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Real Estate

The Takeaway

Let's go to the mall (before it's retrofitted into a nursing home)!

Friday, April 17, 2009

It may not be that easy to find a mall to go hang out and shop anymore. General Growth Properties, one of the biggest mall operators in the country, filed for bankruptcy yesterday. And we are seeing more and more malls die out. In fact as our next guest wrote in The New York Times earlier this month, no new malls have been built in the U.S. since 2006. So what is happening to the mall? And what should happen to the near empty malls now littering the American landscape? To help answer that question, The Takeaway is joined by Ellen Dunham-Jones, Director of the Architecture Program at the Georgia Institute of Technology, and the co-author of Retrofitting Suburbia: Urban Design Solutions for Redesigning Suburbs.

Read the New York Times article, 101 Uses for a Deserted Mall, including a contribution from our guest Ellen Dunham-Jones.

How I Met Your Mother's Robin Sparkles knows how to love a mall:

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The Takeaway

Housing numbers spark mostly confusion, some hope

Friday, April 17, 2009

Even for people who work in the real estate markets every day it is hard to tell what way the housing market is heading. New-home construction held steady at almost 11 percent in March, according to government data released yesterday. But foreclosures are up, with nearly 804,000 homes getting a notice in just the first three months of this year. That's a 24 percent increase compared to the same time last year. But other analysts are seeing hope and some first time homebuyers are finding themselves in great positions to buy.

To help us parse the numbers we turned to two experts: Behrooz Shahidi, a realtor in New Jersey, and Michael Corkery, housing reporter for The Wall Street Journal.
"There certainly was just a wild amount of speculate building during the housing boom, and the air has come way out of that bubble. Most builders won't start a home unless they've got a sale."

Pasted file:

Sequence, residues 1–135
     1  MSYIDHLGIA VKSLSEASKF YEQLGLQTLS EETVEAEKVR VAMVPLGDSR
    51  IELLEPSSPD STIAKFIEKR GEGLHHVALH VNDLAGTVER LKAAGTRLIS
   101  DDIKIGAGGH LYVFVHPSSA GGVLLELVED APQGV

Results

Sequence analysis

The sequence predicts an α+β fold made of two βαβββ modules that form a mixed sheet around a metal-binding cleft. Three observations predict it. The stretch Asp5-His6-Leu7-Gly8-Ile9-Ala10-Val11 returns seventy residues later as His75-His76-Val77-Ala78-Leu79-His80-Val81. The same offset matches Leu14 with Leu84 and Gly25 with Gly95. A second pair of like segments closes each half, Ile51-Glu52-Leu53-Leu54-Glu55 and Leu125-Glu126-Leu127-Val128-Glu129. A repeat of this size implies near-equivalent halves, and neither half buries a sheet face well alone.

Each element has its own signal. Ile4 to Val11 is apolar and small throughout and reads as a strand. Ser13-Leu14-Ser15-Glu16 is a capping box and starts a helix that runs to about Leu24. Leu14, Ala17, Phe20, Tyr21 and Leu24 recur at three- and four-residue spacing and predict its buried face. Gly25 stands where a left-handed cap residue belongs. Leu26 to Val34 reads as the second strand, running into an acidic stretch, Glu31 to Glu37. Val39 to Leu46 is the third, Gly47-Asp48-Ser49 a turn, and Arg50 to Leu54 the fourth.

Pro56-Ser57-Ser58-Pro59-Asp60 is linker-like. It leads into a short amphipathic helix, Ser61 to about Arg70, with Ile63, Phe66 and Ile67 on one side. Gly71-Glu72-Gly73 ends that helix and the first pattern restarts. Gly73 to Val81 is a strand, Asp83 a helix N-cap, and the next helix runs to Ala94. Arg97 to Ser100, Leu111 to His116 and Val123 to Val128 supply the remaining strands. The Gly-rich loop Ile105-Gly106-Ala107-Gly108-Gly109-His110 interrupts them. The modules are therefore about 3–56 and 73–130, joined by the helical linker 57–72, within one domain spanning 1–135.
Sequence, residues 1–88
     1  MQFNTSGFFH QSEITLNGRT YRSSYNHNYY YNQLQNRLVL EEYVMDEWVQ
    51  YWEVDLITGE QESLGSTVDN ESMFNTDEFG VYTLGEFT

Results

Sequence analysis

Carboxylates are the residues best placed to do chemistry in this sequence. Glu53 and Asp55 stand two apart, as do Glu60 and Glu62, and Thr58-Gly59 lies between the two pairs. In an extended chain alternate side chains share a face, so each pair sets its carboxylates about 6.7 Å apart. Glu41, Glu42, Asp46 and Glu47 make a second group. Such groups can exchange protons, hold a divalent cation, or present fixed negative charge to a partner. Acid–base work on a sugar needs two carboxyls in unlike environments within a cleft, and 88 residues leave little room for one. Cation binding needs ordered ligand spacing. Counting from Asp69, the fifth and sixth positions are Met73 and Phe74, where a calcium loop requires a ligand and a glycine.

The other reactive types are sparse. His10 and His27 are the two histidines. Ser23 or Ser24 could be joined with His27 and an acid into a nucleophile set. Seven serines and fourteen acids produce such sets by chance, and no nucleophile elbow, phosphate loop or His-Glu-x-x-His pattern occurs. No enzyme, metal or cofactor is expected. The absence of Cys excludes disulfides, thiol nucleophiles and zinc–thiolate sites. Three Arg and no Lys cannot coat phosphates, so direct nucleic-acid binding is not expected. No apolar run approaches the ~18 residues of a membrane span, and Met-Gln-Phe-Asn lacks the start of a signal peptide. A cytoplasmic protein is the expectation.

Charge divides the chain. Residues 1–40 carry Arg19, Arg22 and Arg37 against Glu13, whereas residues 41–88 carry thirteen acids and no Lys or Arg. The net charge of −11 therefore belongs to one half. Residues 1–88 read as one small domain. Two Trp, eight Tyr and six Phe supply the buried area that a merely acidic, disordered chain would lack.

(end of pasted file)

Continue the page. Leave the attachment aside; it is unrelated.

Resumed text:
—Wall Street Journal writer Michael Corkery on housing changes

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The Takeaway

Our recession hero: Behrooz the good broker

Friday, March 27, 2009

This week, we sent Senior Editor Femi Oke out to bring your stories about the economic crisis back to the show. Sam Jordan was listening in New Jersey and sent us an e-mail. He wanted us to meet a real estate broker who he describes as more or less his real estate hero. Not something you hear about brokers these days, so Femi Oke went and got the story. She found a broker who, even during the height of the real estate boom and easy mortgages, preached caution and budgetary restraint. He lost clients over his moderation and colleagues laughed, but that real estate philosophy saved families, like Sam Jordan's, from mortgage overload. Femi joins us now with the story.

The Takeaway's videographer Jennifer Hsu captured the action on film:

Trouble viewing this video? Check out the YouTube version.

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The Takeaway

Home sales rise in parts of the U.S.

Thursday, March 26, 2009

An uptick in new and existing home sales across the country has real estate watchers and economists hoping that the housing market might have finally hit bottom, especially in the South and West regions of the nation. In the South, new home sales rose almost 10% in February, compared to January, and in the West the rise was 6.6%. Joining The Takeaway are two real estate brokers, Ed Snively of El Centro, California, and Ryan Ward of Atlanta, Georgia who have been riding the tumultuous waves of the housing market in both of those regions.

"Ten years from now, that home you buy today, even given everything we're going through, it is my opinion it is going to be worth more than you pay for it today."
—Ed Snively, of Snively Realty Group, on the current housing market

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The Takeaway

November home sales numbers may indicate worsening economy

Tuesday, December 23, 2008

Two major economic indicators are released today: the numbers for new and existing home sales for November. Together, the numbers are expected to indicate the economy is worsening. Chip Case, the co-producer of the S&P/Case-Shiller Home Price Index, joins The Takeaway to talk about how the housing market is the backbone of the American economy and if there is a prospect for good news in real estate.
"If you look at things that really drive the market, it's prices and employment. You pay your money and you take your chances."
— Chip Case on November home sales

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The Takeaway

Housing and debt

Tuesday, November 18, 2008

"I don't think we're close to a bottom now."
-- Dr. Richard K. Green on the housing market

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The Takeaway

Debtor Nation: How we got here

Monday, November 17, 2008

"Americans are at the bottom of the developed world in how much we save."
--Ronald Wilcox on American debt

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WNYC News

August Wilson's Radio Golf Opens on Broadway

Wednesday, May 09, 2007

Yesterday, the play Radio Golf was named Best American Play by the New York Drama Critics' Circle. It was written by the late Pulitzer Prize winning playwright August Wilson. Radio Golf is the last play in Wilson’s grand 10-play cycle that chronicles African-American experiences of ...

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